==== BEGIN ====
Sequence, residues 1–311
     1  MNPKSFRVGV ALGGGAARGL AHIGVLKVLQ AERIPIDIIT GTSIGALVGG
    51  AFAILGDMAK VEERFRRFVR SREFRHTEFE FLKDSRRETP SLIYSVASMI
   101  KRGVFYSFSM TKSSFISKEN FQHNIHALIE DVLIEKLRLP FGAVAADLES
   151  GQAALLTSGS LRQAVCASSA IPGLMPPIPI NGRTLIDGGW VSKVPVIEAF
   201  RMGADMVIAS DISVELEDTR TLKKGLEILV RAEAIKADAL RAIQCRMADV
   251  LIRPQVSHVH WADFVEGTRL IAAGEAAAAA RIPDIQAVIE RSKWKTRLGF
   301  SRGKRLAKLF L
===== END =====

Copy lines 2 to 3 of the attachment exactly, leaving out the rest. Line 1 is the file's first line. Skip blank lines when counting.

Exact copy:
     1  MNPKSFRVGV ALGGGAARGL AHIGVLKVLQ AERIPIDIIT GTSIGALVGG
    51  AFAILGDMAK VEERFRRFVR SREFRHTEFE FLKDSRRETP SLIYSVASMI